“I liked the thought of that because it was an unknown – and I love the unknown,” she says. “It was a way into something without having to go via notation, or anything else for that matter. Chris talks about wanting to stay in tune, but I wasn’t really interested in doing that.”

“Because you’d had piano lessons,” interrupts Chris. “And no one else in the band had.”

“Sleazy had,” counters Cosey.

“Really?” says Chris. “He was rubbish on keyboards.”

“He was rubbish on rhythm too,” says Cosey, before continuing to make her point. “Electronics gave me access to making sound on, well, machines really, but they worked as instruments for me. I always want to have a physical relationship with an instrument. I could never get into synths the way Chris does. He’ll go into the studio and he’ll be in there all day if you leave him. Whereas I want to get hold of something until you reach a point of satisfaction with it, like you do with any physical contact. You get to that point where you think, ‘Yeah, that’s great’. I had to have that connection, with my body controlling the sound. A physical loop.”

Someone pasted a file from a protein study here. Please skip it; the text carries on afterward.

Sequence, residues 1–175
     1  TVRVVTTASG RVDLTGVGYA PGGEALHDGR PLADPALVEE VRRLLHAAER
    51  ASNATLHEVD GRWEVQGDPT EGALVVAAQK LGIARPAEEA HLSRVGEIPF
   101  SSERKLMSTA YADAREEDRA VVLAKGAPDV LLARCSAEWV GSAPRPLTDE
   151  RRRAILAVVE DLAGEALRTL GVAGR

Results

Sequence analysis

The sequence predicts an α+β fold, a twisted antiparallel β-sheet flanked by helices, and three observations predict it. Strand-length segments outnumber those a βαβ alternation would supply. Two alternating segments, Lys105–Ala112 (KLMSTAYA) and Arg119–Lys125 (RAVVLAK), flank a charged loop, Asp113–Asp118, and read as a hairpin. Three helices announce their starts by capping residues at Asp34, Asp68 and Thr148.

Although Cosey played guitar in Throbbing Gristle, she demanded that it be plugged into the electronic machinery and modified as a result. It was part of TG’s overall mission to deconstruct, to decondition.

“I just wanted to hook everything together, to let them all talk to each other and see what they come up with,” she says. “I didn’t want to know how they worked. I just wanted to hear what they could do.”

“It’s the same as driving a car,” adds Chris. “You don’t have to know how a car works to do that.”

“Yeah, but when you’re driving a car, you’ve got the Highway Code,” says Cosey. “I didn’t even want to know the Highway Code.”